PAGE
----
Long Beach Fire Department (CA) (Images of America)

Long Beach Fire Department (CA) (Images of America)

Glen Goodrich

Language: English

Pages: 128

ISBN: 0738530018

Format: PDF / Kindle (mobi) / ePub


The Long Beach Fire Department's adaptability has been tested by a wide variety of disasters that have marked it as a unique firefighting force on the West Coast. Thousands of residents and others have owed their very lives to the

department since its 1897 formation. The LBFD moved into action during the devastating 1933 Long Beach earthquake, in which its own Fire House No. 1 was reduced to rubble. Its

firefighters have quelled oilfield blazes through the 20th century, and its fireboats have poured water onto flames engulfing the docks and warehouses of the bustling port. Other duties have included such side excursions as working

standby during Howard Hughes's 1947 flight of the Spruce Goose and taking care of Sam the cat, a Station 6 mainstay who slid down the fire pole to the delight of television audiences.

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Washington's Monument: And the Fascinating History of the Obelisk

The Edge Becomes the Center: An Oral History of Gentrification in the 21st Century

The Last Empty Places: A Past and Present Journey Through the Blank Spots on the American Map

 

 

 

 

 

 

 

 

 

 

 

 

 

 

 

May 2, 1916. Chief Shrewsbury was killed instantly, making his the first death in the line of duty for the Long Beach Fire Department. Assistant Chief Craw was appointed chief after he recovered from his injuries. Captain Taylor, who was acting chief, was appointed assistant chief. In the beginning, Long Beach was a small vacation town by the ocean with an 1890 population of 550. As the city grew, so did the fire department. Tourism was the main industry, but that changed on June 23, 1921, with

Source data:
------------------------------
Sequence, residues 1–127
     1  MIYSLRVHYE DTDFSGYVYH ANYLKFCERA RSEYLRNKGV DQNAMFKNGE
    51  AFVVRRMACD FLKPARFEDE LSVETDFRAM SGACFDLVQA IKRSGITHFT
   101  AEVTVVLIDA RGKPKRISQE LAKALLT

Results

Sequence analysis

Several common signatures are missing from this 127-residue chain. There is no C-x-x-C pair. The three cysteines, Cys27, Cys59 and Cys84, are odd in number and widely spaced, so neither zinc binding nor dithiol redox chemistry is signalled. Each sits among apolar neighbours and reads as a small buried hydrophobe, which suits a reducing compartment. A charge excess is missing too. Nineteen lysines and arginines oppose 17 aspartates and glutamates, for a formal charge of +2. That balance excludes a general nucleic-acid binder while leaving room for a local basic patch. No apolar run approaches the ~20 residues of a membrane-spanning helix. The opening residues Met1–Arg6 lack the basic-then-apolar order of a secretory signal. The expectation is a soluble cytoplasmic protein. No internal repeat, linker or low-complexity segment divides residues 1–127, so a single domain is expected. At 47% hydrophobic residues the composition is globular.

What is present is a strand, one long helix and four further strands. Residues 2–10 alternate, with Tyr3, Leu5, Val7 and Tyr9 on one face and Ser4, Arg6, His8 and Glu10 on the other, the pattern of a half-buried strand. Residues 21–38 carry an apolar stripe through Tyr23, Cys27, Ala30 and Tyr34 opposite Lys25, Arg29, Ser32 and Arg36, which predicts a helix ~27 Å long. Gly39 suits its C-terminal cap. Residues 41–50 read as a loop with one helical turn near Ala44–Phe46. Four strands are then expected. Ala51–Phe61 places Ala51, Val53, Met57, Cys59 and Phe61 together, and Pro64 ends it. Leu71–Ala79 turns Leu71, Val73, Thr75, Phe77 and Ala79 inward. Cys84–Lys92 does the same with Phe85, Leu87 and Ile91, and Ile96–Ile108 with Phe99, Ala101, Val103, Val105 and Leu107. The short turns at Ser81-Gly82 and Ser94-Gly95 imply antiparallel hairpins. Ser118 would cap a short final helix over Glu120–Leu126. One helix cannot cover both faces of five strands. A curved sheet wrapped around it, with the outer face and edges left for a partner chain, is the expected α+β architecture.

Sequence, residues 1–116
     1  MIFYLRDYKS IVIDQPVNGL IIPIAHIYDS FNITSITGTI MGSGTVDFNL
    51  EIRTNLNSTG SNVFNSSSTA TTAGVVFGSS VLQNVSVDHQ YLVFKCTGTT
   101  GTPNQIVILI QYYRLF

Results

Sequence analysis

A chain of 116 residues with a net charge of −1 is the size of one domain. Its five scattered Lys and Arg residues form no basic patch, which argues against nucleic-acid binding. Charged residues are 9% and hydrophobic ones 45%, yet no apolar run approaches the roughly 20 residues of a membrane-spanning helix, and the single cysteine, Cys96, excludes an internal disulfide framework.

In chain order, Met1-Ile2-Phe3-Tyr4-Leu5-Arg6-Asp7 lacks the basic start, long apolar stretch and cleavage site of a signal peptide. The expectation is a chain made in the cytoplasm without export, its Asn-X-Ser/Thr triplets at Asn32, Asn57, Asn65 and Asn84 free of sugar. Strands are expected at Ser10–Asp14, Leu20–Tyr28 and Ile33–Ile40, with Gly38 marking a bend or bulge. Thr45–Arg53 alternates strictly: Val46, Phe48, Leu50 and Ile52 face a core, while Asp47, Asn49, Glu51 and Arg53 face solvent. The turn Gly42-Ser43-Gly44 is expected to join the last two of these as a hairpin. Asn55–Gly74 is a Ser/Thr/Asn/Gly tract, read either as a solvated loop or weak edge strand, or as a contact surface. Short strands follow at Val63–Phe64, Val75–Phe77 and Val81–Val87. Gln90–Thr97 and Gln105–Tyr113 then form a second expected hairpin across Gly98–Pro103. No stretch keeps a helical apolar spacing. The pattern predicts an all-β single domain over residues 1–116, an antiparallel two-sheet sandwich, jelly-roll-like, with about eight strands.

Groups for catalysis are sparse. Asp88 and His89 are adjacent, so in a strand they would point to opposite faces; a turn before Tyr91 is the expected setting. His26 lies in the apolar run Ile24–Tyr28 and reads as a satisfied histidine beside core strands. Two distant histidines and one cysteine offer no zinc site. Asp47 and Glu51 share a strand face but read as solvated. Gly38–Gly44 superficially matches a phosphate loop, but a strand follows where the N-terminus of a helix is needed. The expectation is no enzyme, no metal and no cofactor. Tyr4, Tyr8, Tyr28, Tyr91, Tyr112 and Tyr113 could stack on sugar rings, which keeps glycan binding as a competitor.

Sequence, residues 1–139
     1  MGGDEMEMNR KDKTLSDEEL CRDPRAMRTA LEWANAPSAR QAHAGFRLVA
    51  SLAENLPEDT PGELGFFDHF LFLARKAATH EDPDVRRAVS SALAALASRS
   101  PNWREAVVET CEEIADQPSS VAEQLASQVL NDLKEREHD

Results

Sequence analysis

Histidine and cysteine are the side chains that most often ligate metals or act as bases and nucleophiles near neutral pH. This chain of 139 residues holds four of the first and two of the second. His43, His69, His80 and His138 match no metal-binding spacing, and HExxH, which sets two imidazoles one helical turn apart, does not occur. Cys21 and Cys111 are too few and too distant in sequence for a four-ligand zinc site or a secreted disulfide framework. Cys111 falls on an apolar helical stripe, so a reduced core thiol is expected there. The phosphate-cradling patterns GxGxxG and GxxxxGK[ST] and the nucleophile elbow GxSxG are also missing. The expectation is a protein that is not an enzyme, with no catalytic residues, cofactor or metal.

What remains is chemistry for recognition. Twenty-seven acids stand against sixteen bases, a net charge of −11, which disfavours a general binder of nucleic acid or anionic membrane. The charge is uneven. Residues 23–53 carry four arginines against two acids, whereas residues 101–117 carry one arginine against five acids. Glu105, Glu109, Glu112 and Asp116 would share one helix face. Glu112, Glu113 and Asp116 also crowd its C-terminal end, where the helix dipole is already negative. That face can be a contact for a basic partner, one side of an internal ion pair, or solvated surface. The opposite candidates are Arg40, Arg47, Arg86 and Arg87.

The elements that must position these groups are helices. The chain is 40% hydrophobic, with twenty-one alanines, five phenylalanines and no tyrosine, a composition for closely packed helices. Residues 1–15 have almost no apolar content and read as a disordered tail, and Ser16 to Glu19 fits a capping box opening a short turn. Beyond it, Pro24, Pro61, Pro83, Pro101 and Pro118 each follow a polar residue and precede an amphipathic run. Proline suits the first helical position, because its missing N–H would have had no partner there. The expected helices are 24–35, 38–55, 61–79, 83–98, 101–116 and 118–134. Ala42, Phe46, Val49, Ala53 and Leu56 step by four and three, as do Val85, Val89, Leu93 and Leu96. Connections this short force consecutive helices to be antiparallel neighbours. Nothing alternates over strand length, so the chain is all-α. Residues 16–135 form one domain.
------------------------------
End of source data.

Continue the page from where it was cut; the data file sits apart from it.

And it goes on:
the discovery of oil on Signal Hill. This caused a huge growth in population and the rapid development of wooden oil derricks. The lack of regard for fire safety by the oil operators led to a series of fires that kept the department busy for years. One particular fire lasted for 3 days, and involved 11 oil derricks and 3 “gassers.” Today the city of Long Beach covers an area of approximately 52 square miles and has a population of about 461,522 (according to the 2000 federal census). The census

placed on the same lot. Station No. 10 also suffered some damage to the living quarters, and the firefighters had to live in a tent. In June of 1933, there was an explosion and fire at the Richfield Oil Refinery. The cause of the fire was likely due to lingering effects of the earthquake in March. The tree pictured here shows the force of the explosion at the Richfield Oil Refinery. It was a tremendous effort by many to extinguish this fire. In 1934, Station No. 1 was still in a tent and

firefighters to paramedic school. Here, John Acosta and Bob Parkins practice inserting IVs. The first paramedic graduating class is pictured here in 1972. They are, from left to right, as follows: (first row) Dr. Irv Unger from Saint Mary’s Hospital, Chief Rizzo, John Acosta, Art Santavicca, Gary Olson, Pat Highfill, Dennis Weller, and John Christensen; (second row) city manager Bob Creighton, Bill “Mad Dog” Kelly, Walt Gupton, Don Aselin, Bob Shue, Craig Vestermark, Bob Parkins, Gary Robertson,

17 until the move was complete. On December 6, 1957, the apparatus bay was moved and reassembly started. In August 1957, a new Station No. 13 was built on Adriatic Avenue. On January 8, 1958, the fire department was allowed to move into the new Station No. 18. While the traditional firehouse dog is the dalmatian, Long Beach had two other breeds before finally getting their dalmatian mascot, Duchess. Seen here in 1958 is Duchess being “paw-printed” by Chief Sandeman and an unidentified

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